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Rumor: Microsoft will launch Halo 5 and other Xbox exclusives on PC

Rumor: Microsoft will launch Halo 5 and other Xbox exclusives on PC

Rumor: Microsoft will launch Halo 5 and other Xbox exclusives on PC
September 03
08:18 2015


Rumor: Microsoft will launch Halo 5 and other Xbox exclusives on PC

With the upcoming launch of Windows 10, Microsoft is expected to make it much easier for Xbox One owners to stream their games across a variety of devices. While this is certainly good news for Xbox One owners, it doesn’t really affect PC gamers who only play on computers. That is, unless Microsoft releases Xbox-exclusive games onto the platform, which is precisely what a new rumor is suggesting will happen in the future.

According to several industry sources, games currently listed as Xbox exclusive will eventually launch on PC as a standalone game. “Microsoft are going to be focusing a lot more on the PC gaming side than previously, and they’re also going to be bringing a lot of Xbox platform exclusives to Windows as well,” says one senior PC gaming industry executive. “So this includes some of the biggest franchises in the Microsoft stable like Fable, Forza Motorsport and Halo. They’re all forecasted to start coming out on PC in the future.”

Forza Motorsport 6, Halo 5: Guardians, Rise of the Tomb Raider, and Fable Legends are all expected to be released this fall exclusively on Xbox, with the latter being the only exception as it’s confirmed for the PC. If this rumor turns out to be true, having these Xbox-exclusive titles on PC would make a serious case for gamers to upgrade to Windows 10, as we assume that’d be one of the major stipulations Microsoft would make for their release. We’d also be curious to see if Microsoft decides to launch previously-exclusive Xbox games, like the Gears of War series, onto PC as well.

[Via PCR]

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NanMin

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1 Comment

  1. 
DigitalPunchAndPie
    DigitalPunchAndPie September 12, 08:18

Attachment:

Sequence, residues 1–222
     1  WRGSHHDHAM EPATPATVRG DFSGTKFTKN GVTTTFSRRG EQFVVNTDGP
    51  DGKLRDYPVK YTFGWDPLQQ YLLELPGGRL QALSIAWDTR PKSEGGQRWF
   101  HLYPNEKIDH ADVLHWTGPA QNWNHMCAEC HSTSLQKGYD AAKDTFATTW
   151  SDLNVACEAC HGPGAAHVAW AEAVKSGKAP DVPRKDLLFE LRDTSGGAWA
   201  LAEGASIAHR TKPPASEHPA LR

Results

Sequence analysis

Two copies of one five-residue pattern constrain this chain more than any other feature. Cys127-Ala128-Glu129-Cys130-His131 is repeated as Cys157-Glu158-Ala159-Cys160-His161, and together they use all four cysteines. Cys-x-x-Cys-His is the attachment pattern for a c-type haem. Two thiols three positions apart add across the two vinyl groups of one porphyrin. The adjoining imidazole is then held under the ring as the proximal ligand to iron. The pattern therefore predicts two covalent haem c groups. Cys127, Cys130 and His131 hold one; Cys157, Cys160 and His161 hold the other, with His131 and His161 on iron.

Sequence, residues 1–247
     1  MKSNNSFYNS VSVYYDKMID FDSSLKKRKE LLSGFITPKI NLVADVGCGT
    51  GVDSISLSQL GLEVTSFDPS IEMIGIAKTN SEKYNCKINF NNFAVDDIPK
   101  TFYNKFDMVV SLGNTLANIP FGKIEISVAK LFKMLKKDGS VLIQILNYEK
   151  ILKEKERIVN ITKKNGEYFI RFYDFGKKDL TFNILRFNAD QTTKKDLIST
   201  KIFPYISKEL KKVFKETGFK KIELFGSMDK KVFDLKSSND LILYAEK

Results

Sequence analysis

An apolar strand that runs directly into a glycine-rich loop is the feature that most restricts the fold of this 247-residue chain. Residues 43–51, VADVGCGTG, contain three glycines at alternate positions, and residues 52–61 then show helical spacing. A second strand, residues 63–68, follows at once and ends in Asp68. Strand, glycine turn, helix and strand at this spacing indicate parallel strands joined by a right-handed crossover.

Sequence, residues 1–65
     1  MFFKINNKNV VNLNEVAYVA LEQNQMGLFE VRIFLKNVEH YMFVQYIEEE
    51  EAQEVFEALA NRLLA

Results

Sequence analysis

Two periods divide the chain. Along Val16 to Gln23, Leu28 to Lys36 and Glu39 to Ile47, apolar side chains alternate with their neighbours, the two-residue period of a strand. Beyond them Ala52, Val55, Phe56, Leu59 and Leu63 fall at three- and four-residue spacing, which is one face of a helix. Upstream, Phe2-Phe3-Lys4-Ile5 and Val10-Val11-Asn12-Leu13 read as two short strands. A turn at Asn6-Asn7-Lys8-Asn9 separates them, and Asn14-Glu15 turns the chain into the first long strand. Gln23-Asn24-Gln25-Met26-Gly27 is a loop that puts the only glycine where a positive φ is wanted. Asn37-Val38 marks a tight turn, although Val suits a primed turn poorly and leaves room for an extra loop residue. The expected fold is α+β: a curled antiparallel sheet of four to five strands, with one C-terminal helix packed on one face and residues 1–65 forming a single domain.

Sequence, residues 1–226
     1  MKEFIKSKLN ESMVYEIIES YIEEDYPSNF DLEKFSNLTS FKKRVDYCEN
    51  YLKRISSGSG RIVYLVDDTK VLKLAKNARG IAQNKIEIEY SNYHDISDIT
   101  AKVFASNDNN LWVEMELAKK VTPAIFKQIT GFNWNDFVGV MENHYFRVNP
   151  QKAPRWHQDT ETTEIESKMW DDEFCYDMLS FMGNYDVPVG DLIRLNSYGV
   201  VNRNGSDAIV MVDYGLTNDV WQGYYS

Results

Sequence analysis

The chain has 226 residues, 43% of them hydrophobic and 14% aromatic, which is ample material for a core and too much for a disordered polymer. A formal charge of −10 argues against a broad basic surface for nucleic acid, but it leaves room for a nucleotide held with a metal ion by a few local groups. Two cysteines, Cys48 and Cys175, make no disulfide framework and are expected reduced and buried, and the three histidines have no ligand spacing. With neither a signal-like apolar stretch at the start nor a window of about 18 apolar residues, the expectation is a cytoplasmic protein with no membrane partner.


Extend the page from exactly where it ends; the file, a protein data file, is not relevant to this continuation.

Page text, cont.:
The debate is tiresome; nobody can deny that. The whole games as art thing has always been one of those incendiary topics in any online forum. But just because it’s annoying doesn’t mean the debate is invalid or shouldn’t be had. Eric Zimmerman makes a few good points up there but some of them feel little misguided. That’s not the right word actually; incomplete works a little bit better. Any article calling to kill a debate is invariably going to get a respo1e and in turn, the debate continues. The problem I have with the article is that even though the article wants to have a wide definition of art, it doesn’t. Art, in the article, is still about what’s in the museum and that’s simply not the case. Let’s go through it point by point.n1: It’s not art can be anything, it’s anything can be art.nLet’s start this portion with something simple; Ikebana, or the art of Japanese flower arranging. Ikebana is not just putting flowe1 in a jar but a pai1takingly deliberate art. There many schools of ikebana but for the sake of simplicity, the art form is about nature and humanity coming together. Basically, practitione1 are trying to create their own little bit of nature. The idea behind is that nature can be a work of art. Sure it can be put into a museum, and it has, but it’s also just out there.nThe difference between ‘art can be anything,’ and ‘anything can be art’ is huge. The fi1t one mea1 art is context based, as if things were defined by where they stood. ‘Anything on a pedestal becomes art,’ is the phrase’s basic idea.n‘Anything can be art’ tur1 that on its head, which is where it belongs. People shouldn’t go to museums (well, they should), they should become the museum. There is beauty and art and craftsma1hip and skill everywhere. People just need to look for it.n2: Art is not about the object, it’s about the pe1on viewing it.nZimmerman makes a lot of good points here. Quality doesn’t make something art. It’s not a question of sophistication or skill, but it’s also not a question of context or the social structure we build around art itself. There is no art high council, there is no art supreme court; there is only art. What we build around the works is unimportant. If a Picasso is found in a cellar, does it only become art when it gets put in a museum? Of cou1e not.nClaiming that the gallery is what defines art sounds horrible. Why are there any artists then? If gallery owne1 make art, wouldn’t all artists just own galleries? The i1titution does not make art, art makes the i1titution.nDuchamp’s toilet in the museum is always going to have people arguing over whether or not it’s art. My grandfather would say no, probably you1 too. But I see it a different way; I see it as a sort of protest, a sort of cynical joke. Duchamp put toilet in a museum and in doing so turned the whole museum into a bathroom. The so called definer of art debased. Is that what Duchamp meant by the piece? I don’t really care.nThat’s what it really comes down to in the end, how each individual sees something. Think of it like watching clouds.n3: Art should not be an aspirational category, but art should totally be an aspirational category.nThere are a lot of old men in a lot of closed off rooms talking about Art. But then again, there are a lot of kids out there making art that those old men would scoff at. Notice the difference in capitalization. The old men in closed off rooms put things on a pedestal, turning that little ‘a’ into a big one. No one should strive to make capital ‘A’ art, it’s not a good aspiration. Big ‘A’ art no longer has any power, so it’s e1hrined. That little ‘a’ variant however, that’s the sort of art that can change the world.nThis goes back to who defines art, the museum or the individual viewer. Zimmerman also makes a point that design can’t be art, that ads can’t be art without the museum’s say so. But guess who made a lot of ads? Norman Rockwell. Those iconic slices of America were fairly often selling something. Also, a lot of those famous Japanese woodblock prints from the Edo era, were also ads. They were never suddenly tra1formed into ‘Art’ because old white men said so. They were always art and always ads.n4: Games are not masterpieces of meaning, but neither is art. The viewer brings the meaning to everything.nWhen people have the ‘videogames as art’ debate, they’re always thinking of the visual arts, painting and sculptures and so on. What they really should be thinking about is theatre. Plays and games are built by combing different skills and components and are usually built by by teams, rather a single pe1on. Each pe1on working on a game or play has their own idea what the play or game is about. Those ideas can vary great from pe1on to pe1on. A game nor a play can a single meaning.nThere are two famous productio1 of August Wilson’s Fences, one with James Earl Jones and one with Denzel Washington. There’s a speech in the play where the son asks the father if he loves him. The father responds with a speech about there being no law saying he has to love his son. When James Earl Jones gave the speech it was intimidating and menacing. When Denzel Washington gave it, the audience thought it funny. Two different people brought their own meaning to same words.nBut what really makes plays and games alike is the fact that they need participants. A game can’t start until there is someone to play it. A play can’t start without its audience. This should be expanded to all art. Art cannot exist in a vacuum. Someone needs to see it. Meaning can change with each pe1on experiencing the work of art. The creator can always say it’s about this and that, but meaning is always in the eye of the beholder.nAudiences bring their own meaning too; they have the most power over meaning. In Elizabethan England, The Merchant of Venice was a comedy, but today audiences see it as a tragedy. We bring our own meaning to everything, even Mario. He’s either a fat plumber out to save a princess or some guy doing a lot of mushrooms. Nothing has to mean one thing to everybody, games are no exception.n5: It’s not about death, it’s about evolution.nEverything is built on everything that came before it, especially art. You’ll likely never see commedia dell’arte, which is mask based form of Italian street theatre that is centuries old. But what you will see is a sitcom. Commedia and sitcoms are based around the same character archetypes that predate them both. The greedy old man, the young love1, the dumbass and the wiseass are present in both the modern sitcom and ‘dead’ art form’ of commedia dell arte. But Commedia never really died, it just changed. It’s silly to think by putting games in a museum humanity will halt the forms evolution. That said, it’s probably for the best to keeps out of the museum, but not because they aren’t art but because of how people see art.nThe main problem people have with art is not the really the work, but rather the pedestal. The museum is stuffy and cold and boring and we don’t want games there. But people need to separate art from the museums. Old men behind closed doo1, putting games on a pedestal, in frames, e1hrining them would probably be pretty awful. But just because games shouldn’t be in museums doesn’t disqualify them from being a form of art.nArt can be anywhere.nThe problem with the article, in the end, is how Zimmerman defines art. He lets the old men behind closed doo1 define art for him. I would rather do that myself.